That’s me. A very sleep deprived me. It was Mother’s Day, 2010, and E was about 3 three weeks old. She hadn’t figured out that nights were for sleeping, and instead would cry all night and sleep all day. Most of those nights I would woner, what am I doing wrong? Then self doubt would enter my mind and I’d think Am I doing this right?
There is no handbook for parenting, although most days I wish there was. It’s all about choices. Undoubtedly, each choice I make comes with a sacrifice of some sort.
I formula fed both children. I tried with E, and after a few weeks went to the bottle. I didn’t even try with A. Sometimes, I let the very pro-breastfeeding points of view enter my mind, and I wonder if my kids are at some sort of health or intelligence disadvantage because they were formula fed. And I wonder, am I doing this right?
Sometimes I lose my patience. E likes to challenge me, and most days I can handle it. But every once in awhile I can’t. I wonder on those days if my short temper is something she will learn. I wonder if she knows that even though I might be mad, I still love her. And I wonder, am I doing this right?
When A was a newborn, I let E watch movies and television. I had to, to survive. When we’d go to the doctor and he’d say “no more than one hour a day”, I would cringe inside. Sometimes I wonder if, during those three moths, she missed out on some good brain development time. I still think, did I do that right?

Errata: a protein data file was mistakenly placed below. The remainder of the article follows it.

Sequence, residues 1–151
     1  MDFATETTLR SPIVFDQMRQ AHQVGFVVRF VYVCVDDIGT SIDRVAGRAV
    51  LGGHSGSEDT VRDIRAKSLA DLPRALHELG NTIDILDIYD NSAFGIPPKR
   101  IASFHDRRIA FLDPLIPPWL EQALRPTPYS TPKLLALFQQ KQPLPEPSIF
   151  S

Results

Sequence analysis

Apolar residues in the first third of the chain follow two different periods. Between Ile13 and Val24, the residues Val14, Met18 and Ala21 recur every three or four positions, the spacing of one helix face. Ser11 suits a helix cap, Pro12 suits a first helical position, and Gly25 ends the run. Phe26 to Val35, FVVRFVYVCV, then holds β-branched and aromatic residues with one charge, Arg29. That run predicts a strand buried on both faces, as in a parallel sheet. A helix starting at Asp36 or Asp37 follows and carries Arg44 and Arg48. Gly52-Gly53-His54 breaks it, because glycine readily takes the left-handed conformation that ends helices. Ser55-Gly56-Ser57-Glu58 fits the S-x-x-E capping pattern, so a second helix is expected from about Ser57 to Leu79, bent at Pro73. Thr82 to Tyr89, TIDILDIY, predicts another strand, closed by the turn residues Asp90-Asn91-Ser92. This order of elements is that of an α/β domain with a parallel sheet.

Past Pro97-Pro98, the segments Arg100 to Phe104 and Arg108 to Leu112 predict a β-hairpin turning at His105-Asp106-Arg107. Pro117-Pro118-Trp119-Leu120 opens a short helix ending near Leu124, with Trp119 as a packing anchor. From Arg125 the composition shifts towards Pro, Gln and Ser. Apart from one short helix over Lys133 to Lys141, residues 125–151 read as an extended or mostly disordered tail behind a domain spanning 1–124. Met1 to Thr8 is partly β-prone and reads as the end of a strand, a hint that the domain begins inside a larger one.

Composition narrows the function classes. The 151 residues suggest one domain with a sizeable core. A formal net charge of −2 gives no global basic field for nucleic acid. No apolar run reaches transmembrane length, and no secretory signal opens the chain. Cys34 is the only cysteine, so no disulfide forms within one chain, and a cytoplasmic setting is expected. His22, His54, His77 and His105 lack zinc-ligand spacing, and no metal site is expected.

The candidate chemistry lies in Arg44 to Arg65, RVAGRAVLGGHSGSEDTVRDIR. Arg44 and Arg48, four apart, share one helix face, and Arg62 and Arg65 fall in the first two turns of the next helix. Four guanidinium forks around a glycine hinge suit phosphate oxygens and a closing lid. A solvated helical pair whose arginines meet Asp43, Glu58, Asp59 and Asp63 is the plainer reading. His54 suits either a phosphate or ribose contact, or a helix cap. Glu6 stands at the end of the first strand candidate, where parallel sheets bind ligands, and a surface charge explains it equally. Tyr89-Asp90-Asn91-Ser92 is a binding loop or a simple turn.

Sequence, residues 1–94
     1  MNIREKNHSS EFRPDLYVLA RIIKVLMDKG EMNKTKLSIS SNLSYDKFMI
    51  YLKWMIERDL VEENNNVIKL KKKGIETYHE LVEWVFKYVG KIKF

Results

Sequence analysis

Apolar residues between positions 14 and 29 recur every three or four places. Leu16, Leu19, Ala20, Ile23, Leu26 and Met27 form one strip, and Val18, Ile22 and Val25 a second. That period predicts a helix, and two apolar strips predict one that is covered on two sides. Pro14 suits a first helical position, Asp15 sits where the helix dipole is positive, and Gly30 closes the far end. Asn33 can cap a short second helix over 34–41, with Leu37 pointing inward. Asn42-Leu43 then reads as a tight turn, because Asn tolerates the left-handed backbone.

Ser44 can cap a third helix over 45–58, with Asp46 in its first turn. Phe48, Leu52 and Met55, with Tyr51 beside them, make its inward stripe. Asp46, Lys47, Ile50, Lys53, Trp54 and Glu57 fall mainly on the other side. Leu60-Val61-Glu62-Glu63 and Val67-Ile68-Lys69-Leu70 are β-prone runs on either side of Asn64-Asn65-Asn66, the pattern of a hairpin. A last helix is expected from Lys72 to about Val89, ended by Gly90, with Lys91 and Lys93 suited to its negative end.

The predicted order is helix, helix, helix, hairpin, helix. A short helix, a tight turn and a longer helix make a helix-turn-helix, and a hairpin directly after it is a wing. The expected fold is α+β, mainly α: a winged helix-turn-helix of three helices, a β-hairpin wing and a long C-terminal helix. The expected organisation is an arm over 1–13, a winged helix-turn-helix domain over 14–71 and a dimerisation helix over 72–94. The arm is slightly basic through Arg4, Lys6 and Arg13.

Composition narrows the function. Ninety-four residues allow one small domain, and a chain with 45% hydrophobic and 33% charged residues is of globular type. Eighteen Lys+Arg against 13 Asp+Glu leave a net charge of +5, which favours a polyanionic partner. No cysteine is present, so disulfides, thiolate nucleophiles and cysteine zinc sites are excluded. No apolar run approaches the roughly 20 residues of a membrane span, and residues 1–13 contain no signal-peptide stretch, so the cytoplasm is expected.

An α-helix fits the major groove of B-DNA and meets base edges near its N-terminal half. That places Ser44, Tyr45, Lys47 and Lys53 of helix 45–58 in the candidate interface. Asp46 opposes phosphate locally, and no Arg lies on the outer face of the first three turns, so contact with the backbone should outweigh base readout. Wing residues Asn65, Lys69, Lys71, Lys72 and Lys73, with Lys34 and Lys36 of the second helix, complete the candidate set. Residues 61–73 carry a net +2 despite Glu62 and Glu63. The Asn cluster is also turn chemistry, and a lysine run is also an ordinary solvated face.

But then, each day when the sun is setting and the girls are getting ready for bed, we cuddle. And in that moment when A has her head tucked in to the crook of my arm, and looks up at me with her big, grey eyes, I know that I’ve done something right.
Every night, when E requests that I sing her a song, we lay on her bed cuddling and singing. As I run my fingers through her long, blond hair while her eyes get heavy, I know I’ve done something right.
Being a mother is hard. Every day there is a new challenge, and every day there is something to worry about. Something to make you wonder if you’ve made the right decision. But in those quiet moments, it becomes clear to me. My children are fed, clothed, have shelther, and most importantly, are loved. And that reminds me that I’m doing something right.
Today I wish that mothers wouldn’t be so hard on themselves. To remember that their children are ok – that you are doing something right, even on those days when it doesn’t seem like it.
Linking up with Anne.